14. Sandra Price  May 29, 2008 at 8:53 am

    Rob. I have learned to use labels when I write about certain political actions that rile up many people. We have a two party system that used to show two separate agendas. That has been divded up into many facets of each party. The religious right wormed their way into the GOP making the agenda of limited government and individual freedoms redundant. So we have to define ourselves with labels. I have written about the damage the religious right has thrown on the GOP and was told to use either Christian, Fundamentalist, Evangelical or some such label. I define myself as a social liberal and a fiscal conservative. This was not necessary 10 years ago.

  15. Direct Democracy  May 23, 2008 at 10:21 am

    “You’re beginning to believe this illusion we’re spinning here…”

    Paddy Chayefsky

  16. WWWexler  May 23, 2008 at 10:48 am

    We all owe CNN a wave of the third finger for their role in commercializing news during Gulf I. As we breathlessly waited for the next Dickless Cheney press conference showing us real life video games of people being blown to bits, our expectations to know what we want when we want it gelled.

    One might think that in a society with the most advanced communications system ever devised, our citizenry would be the most informed people who ever walked the earth. But like everything we get our hands on, it turns to shit. You can surf the Internet for news from anywhere in the world on your cell phone. You can get news 24/7 on your cable network. So how do we use this technology? I can’t say, but surely it’s not to inform. If that were the case, how could people in W VA still think Obama is a Muslim? How could 2/3 of Americans think that Saddam Hussein was directly involved in 9/11? (Wash. Post poll in 2006).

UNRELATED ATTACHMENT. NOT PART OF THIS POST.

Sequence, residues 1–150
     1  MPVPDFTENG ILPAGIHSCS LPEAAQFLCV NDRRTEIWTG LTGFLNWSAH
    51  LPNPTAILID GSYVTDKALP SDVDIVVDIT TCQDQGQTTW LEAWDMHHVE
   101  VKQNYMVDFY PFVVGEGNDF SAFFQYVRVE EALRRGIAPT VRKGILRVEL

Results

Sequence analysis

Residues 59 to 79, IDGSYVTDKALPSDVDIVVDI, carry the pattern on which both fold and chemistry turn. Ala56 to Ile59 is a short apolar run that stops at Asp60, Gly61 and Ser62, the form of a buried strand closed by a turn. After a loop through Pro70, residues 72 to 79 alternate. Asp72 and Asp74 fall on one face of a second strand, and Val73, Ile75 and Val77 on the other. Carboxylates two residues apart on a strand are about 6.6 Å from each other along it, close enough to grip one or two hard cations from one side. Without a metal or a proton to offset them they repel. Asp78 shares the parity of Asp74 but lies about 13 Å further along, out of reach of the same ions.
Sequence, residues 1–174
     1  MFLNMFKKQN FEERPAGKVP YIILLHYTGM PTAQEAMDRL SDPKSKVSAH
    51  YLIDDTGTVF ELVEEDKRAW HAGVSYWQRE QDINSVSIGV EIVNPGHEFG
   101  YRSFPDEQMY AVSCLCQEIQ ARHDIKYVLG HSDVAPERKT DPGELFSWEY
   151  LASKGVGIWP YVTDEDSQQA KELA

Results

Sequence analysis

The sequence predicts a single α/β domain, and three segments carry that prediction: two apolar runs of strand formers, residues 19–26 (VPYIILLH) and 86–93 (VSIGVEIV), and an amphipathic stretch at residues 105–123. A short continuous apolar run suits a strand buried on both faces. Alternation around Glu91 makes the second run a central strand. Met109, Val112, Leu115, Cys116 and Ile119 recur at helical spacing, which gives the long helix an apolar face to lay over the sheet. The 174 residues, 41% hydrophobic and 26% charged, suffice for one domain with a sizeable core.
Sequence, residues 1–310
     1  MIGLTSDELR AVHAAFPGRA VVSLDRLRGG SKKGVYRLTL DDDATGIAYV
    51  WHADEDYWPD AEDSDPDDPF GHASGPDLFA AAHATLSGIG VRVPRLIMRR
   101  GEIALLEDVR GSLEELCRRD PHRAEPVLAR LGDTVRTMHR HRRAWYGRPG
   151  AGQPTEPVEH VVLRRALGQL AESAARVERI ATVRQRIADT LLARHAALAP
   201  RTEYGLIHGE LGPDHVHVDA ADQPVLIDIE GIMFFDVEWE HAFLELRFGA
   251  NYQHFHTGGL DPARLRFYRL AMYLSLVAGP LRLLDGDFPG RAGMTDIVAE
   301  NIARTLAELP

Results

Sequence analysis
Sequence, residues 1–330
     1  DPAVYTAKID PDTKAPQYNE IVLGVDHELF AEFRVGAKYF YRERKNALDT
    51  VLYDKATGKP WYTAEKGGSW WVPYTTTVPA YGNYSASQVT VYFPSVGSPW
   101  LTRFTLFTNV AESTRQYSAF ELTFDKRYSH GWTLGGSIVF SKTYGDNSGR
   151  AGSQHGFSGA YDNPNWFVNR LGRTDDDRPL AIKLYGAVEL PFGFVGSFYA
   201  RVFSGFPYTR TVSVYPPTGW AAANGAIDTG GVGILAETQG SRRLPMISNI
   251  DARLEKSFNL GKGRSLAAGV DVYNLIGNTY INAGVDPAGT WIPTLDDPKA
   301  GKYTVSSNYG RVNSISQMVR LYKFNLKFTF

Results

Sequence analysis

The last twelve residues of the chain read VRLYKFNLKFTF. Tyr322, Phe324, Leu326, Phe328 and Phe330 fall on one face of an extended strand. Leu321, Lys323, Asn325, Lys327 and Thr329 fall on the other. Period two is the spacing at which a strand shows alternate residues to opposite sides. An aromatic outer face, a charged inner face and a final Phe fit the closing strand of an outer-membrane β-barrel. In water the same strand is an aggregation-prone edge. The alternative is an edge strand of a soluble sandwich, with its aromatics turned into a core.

How does it happen that the Bush Administration has gotten away with murder, treason, torture, imperial warmongering, domestic spying, taking away our Constitutional rights, looting the treasury, showering money on themselves and friends, and other crimes too numerous to mention? Is it because the information isn’t there?

    Hell no. It’s there. People CHOOSE to be ignorant. People PAY for ignorance. People SEEK OUT ignorance.

    The recent VISA card commercial jingle sums it up nicely.

    “I WANT IT ALL I WANT IT ALL I WANT IT ALL AND I WANT IT NOW”.

    That’s America today, a grabbastic nation of soulless, hedonistic fucks that are clueless about what is acceptable social behavior and choose to be ignorant about what tragedy they are causing and what they are allowing their government to do. That’s why it’s all about the horse race. That’s why we have “pastor problems” and flag pins and race cards and gender bias and exit polls and “kitchen sinks” and all the rest. People don’t CARE about anything except being immediately gratified. They want to be ENTERTAINED, not informed.

    I’ve been thinking about moving to another country. I had a chance back in the Viet Nam era but I ended up with a high draft number so I didn’t go. I should have gone anyway. I’d be a lot happier as a Canadian citizen. At least I wouldn’t have to be part of the festering sore on the ass of the world we call America.

    -Wexler

  17. woody188  May 23, 2008 at 3:50 pm

    I used to think Canada would be nice, but then found out about the SPP.

  18. JudyB  May 23, 2008 at 11:05 am

    Phil your commentary today was like a cool glass of water in scorching heat. Thank you!

  19. griff  May 23, 2008 at 12:48 pm